Since the introduction of the Patriot Act, U.S. officials have had the right to check library records as part of an investigation. Attorney General John Ashcroft recently stated that there have not been any invocations in this part of the act. This statement, intended to quell widespread criticism, had instead the adverse effect. So why have the rule at all?
Section 215 of the Act, which allows background checks involving library records, has often been referred to as one of the many examples where the policy restricts civil liberties without doing any good. In addition, library officials cannot tell patrons that government officials have checked their records.
The main flaw of the premise remains that terrorists or other “evildoers” will hardly go to public libraries in their quest to overthrow our civilization. Meanwhile, the records of other patrons in library systems, including the USF library, are accessible to government officials for perusal without the patrons knowing if and when such checks occur.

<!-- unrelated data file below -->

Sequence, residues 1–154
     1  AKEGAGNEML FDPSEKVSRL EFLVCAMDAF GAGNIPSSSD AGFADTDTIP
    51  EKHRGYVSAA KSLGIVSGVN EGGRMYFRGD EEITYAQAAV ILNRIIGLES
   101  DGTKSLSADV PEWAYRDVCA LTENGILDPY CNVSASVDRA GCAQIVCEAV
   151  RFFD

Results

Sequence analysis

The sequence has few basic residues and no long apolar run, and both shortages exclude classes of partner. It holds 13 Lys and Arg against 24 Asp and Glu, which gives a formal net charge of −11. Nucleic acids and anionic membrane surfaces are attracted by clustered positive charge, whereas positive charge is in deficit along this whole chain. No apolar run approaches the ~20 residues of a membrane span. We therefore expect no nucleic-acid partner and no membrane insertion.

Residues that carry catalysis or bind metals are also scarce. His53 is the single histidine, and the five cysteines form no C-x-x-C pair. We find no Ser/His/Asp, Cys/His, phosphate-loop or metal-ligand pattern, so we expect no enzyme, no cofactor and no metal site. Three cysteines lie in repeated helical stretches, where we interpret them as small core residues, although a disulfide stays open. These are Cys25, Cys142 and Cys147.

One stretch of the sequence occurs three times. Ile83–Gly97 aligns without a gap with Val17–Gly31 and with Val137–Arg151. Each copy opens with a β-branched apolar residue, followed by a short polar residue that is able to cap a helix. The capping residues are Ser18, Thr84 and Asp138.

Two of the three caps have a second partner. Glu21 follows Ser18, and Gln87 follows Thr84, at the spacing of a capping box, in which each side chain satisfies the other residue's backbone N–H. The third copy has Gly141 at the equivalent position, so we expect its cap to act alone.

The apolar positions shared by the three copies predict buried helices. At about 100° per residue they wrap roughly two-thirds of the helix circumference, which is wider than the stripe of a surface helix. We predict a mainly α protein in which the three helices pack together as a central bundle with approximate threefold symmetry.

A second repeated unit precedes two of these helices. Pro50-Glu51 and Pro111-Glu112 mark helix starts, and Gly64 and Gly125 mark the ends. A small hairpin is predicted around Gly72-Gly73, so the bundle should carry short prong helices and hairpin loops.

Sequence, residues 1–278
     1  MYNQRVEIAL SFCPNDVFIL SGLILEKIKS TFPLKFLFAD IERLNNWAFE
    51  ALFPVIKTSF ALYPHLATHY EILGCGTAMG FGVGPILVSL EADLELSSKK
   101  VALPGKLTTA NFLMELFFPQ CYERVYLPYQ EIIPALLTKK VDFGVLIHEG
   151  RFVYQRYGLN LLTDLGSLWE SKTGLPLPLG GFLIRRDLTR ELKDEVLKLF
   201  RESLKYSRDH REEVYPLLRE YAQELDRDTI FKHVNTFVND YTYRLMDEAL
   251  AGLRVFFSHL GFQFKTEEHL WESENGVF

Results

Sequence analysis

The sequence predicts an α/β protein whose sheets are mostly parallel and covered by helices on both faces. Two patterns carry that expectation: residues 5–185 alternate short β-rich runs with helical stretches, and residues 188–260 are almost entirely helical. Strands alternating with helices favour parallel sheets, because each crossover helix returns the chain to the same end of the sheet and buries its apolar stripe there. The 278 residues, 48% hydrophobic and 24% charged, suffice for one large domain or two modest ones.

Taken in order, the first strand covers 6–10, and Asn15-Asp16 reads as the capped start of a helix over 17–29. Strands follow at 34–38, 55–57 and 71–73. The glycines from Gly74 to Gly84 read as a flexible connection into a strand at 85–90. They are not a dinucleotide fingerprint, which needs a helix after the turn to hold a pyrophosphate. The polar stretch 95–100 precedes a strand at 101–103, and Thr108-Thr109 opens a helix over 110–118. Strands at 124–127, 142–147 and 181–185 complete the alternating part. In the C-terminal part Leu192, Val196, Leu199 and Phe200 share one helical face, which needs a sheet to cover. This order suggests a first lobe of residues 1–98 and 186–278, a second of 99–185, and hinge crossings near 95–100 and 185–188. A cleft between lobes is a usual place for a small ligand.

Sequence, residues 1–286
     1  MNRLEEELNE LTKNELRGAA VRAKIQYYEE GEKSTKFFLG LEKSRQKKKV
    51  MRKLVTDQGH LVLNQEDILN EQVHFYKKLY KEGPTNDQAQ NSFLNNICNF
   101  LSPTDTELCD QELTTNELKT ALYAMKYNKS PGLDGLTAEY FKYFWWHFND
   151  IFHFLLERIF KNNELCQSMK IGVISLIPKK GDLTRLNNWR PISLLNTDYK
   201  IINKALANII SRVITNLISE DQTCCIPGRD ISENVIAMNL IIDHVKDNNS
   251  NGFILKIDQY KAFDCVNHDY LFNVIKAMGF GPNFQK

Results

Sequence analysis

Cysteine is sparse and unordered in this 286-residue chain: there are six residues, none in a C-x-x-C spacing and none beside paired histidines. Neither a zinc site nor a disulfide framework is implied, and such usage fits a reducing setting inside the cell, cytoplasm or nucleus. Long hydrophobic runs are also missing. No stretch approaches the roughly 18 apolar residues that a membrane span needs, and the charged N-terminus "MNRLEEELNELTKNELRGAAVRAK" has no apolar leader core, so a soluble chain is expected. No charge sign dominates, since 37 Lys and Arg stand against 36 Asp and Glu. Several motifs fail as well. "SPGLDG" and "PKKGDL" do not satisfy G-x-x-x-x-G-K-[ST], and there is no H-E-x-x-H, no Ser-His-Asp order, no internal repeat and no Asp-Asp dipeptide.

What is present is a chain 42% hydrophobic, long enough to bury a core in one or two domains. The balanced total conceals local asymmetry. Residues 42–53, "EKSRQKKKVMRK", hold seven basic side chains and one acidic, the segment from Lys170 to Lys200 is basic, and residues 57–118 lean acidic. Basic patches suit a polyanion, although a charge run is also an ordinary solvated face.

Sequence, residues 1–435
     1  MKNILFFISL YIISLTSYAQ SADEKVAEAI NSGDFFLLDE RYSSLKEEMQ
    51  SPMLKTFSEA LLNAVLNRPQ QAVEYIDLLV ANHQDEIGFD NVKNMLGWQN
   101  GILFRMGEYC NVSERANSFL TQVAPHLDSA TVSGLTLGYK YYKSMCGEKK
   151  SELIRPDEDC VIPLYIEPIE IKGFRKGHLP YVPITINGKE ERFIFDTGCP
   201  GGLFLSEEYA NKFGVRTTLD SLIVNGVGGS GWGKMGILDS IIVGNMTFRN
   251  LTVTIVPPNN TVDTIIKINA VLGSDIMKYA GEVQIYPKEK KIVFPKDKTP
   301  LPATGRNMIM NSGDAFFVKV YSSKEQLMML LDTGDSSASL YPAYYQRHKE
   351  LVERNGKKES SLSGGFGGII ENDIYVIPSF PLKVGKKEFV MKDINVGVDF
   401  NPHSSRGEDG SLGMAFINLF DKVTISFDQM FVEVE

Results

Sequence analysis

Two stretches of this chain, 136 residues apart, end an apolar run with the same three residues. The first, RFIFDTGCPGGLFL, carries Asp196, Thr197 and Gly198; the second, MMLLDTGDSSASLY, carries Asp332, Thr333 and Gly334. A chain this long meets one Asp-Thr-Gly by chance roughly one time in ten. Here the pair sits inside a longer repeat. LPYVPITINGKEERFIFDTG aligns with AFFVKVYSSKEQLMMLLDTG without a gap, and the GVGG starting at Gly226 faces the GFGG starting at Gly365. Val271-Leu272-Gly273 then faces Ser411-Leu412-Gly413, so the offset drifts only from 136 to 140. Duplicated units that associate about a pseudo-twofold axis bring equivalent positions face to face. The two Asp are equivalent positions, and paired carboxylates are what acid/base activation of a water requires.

Booksellers, publishers and especially librarians have taken offence to the policy. Chris Finan, president of the American Booksellers Foundation for Free Expression, said to Publisher Weekly: “The FBI has a history, which Attorney General Ashcroft is ignoring, of violating civil liberties.”
The same article also reported that while on a tour through the United States to gain support for the Patriot Act and the upcoming introduction of Patriot Act II, Ashcroft went so far as to say “no offense to the American Library Association, but we just don’t care.”
Such statements only strengthen the impression that the policy undermines the right to free access of information in public libraries for U.S. citizens, especially those that lack the funds to otherwise gain access to such information and literature.
The war on terrorism should not be an excuse for the Patriot Act. Therefore, the introduction of new policies should be watched carefully and the existing ones should be amended so freedoms are not limited.